Over five years ago, I said 'enough' to bureaucrats in Sacramento. To stand up to them alone seemed like a David and Goliath moment.
So I reached out to ACVP for help. I have never been alone since then. Working as an individual, you can accomplish a lot, but working as a group, like ACVP, you can accomplish whatever you set your sights on.
I am proud to say, we are almost finished with regulations that will protect the future of cardiovascular professionals. Together, we are helping to protect and shape the future of cardiac care.
- ACVP Member, Ed Pezanoski, RCIS
May 5, 2016
A Step Forward for CVTs in California
ADVOCACY UPDATE FEB. 9, 2016
In October, 2015, the Radiologic Technology Certification Committee in California unanimously passed a motion allowing an individual under the direct and immediate supervision of the S&O to use an assistant in the real time movement of the patient under fluoroscopy, provided that:
- a CRT is present in the room and is managing the radiation exposure and x-ray equipment,
- and that the assistant has the documented radiation safety training required to be established by the facility.
Since our advocacy efforts detailed below, this is a step in the right direction for team-based care in California.
"Prior interpretation had taken away the privilege for physicians and hospitals to choose proper staffing and did not allow for the Cardiovascular Technologist (CVT) to work within their recognized Scope of Practice," summarized Ed Pezanoski, RCIS.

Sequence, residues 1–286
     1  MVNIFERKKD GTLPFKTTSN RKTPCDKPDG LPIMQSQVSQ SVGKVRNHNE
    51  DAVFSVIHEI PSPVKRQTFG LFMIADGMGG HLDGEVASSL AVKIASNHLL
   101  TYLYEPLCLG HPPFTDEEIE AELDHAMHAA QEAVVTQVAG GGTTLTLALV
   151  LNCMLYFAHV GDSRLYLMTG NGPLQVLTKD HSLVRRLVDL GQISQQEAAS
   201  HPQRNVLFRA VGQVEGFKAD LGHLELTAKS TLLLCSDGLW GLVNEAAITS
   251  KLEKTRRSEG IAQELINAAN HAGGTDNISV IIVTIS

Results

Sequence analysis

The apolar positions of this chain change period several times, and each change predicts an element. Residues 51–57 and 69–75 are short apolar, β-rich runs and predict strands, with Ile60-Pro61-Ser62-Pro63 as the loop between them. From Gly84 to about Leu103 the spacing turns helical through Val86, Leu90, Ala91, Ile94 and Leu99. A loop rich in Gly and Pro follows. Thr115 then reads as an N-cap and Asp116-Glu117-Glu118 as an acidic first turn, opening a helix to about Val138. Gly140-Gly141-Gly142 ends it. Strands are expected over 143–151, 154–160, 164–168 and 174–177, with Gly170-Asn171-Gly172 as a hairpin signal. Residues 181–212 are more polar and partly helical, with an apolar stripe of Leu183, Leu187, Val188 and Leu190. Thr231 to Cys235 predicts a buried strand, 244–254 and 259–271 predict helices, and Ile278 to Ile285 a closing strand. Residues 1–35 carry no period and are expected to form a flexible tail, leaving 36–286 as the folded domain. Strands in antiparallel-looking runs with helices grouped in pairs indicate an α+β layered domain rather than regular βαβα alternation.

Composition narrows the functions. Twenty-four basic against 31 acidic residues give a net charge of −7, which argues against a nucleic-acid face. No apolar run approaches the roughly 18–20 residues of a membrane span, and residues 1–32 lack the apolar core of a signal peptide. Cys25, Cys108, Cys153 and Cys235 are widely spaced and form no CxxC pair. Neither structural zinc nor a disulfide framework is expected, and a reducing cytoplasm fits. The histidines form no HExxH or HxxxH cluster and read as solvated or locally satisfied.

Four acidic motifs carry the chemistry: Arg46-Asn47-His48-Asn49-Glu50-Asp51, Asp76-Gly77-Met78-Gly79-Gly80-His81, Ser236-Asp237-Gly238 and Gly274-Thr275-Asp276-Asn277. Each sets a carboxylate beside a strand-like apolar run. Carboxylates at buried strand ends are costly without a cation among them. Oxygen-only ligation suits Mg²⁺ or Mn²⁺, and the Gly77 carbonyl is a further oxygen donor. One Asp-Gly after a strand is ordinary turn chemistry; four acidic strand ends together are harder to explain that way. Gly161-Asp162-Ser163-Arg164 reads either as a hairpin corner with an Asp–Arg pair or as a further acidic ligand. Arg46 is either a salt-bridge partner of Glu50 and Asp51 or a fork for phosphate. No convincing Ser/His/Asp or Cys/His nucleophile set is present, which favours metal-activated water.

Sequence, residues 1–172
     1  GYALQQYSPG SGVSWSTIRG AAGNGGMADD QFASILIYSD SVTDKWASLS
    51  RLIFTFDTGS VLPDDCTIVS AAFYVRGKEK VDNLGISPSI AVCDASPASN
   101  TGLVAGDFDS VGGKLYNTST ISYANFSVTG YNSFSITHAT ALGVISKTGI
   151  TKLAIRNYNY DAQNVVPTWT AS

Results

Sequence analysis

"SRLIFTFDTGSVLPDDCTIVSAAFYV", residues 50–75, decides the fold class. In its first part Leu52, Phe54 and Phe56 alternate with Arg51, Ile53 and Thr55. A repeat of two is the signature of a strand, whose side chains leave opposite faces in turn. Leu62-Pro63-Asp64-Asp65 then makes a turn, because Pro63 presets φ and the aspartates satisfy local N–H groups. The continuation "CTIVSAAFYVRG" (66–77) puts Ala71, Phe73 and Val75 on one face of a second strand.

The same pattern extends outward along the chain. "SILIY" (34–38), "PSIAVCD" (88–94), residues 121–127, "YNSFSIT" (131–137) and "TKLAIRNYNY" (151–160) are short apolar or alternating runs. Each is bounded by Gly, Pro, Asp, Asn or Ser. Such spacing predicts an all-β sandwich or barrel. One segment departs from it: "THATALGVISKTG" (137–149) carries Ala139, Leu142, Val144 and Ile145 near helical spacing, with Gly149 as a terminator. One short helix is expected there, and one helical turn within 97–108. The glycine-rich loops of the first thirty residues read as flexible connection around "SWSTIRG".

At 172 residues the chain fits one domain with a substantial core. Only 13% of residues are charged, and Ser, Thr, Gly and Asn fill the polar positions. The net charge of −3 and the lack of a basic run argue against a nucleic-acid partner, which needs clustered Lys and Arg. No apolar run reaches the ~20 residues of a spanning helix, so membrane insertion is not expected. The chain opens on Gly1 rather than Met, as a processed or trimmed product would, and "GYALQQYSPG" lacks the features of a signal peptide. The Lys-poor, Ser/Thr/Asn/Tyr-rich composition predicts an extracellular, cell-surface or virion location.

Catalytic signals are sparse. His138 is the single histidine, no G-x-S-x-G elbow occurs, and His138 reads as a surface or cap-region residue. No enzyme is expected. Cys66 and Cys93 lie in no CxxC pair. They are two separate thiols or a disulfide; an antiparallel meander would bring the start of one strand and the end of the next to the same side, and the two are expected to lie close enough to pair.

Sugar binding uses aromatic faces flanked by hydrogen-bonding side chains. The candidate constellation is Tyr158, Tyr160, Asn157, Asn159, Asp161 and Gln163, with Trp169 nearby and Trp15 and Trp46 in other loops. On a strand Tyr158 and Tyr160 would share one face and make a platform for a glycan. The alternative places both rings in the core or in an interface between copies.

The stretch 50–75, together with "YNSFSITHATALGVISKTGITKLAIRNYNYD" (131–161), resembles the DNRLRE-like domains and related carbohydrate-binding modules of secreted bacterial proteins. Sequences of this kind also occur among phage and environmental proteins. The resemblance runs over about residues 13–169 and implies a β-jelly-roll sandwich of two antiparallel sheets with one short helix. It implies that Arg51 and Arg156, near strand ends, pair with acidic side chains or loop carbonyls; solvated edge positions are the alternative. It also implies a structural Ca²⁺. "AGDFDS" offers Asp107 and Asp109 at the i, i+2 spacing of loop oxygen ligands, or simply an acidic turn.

This motion provides the avenue for the Radiologic Health Branch in Calfornia to issue a statement and remove the unnecessary restrictions placed on the S&O and Cardiovascular Technologist with regards to fluoroscopy procedures.
It further allows for the proper interpretation and implementation of the Title 22, Section 70435 regulation which states a CVT shall assist during the performance of all procedures in the cardiac catheterization lab.
The Radiologic Health Branch has committed to evaluate the committee's motion against their laws and regulations and will report back to the RTCC at the next meeting scheduled for April 13, 2016.
If this issue affects you or you wish to support CVTs in California, contact the Calfornia Radiologic Health Branch mentioning your support of the RTCC's motion.
If you have any further information regarding the issue to share, please contact: firstname.lastname@example.org. For more background on the issue, continue reading below.
The Alliance of Cardiovascular Professionals has been advocating on behalf of Cardiovascular Technicians with the RCIS credential in California.
Title 17 of the California Code of Regulations governing the positioning of patients and equipment during all fluoroscopy procedures requires that these tasks be performed by a professional with a California fluoroscopy permit. Permits are issued after demonstrating adequate knowledge of the procedure via an exam.
The issue at hand is not whether or not RCIS professionals should have to receive a fluoroscopy permit, but rather whether or not they should be allowed to demonstrate their knowledge by sitting for the exam.
As it stands, Radiologic Technologists credentialed by ARRT are the only professionals in California allowed to sit for the exam, and thusly the only professionals allowed to assist during procedures involving fluoroscopy.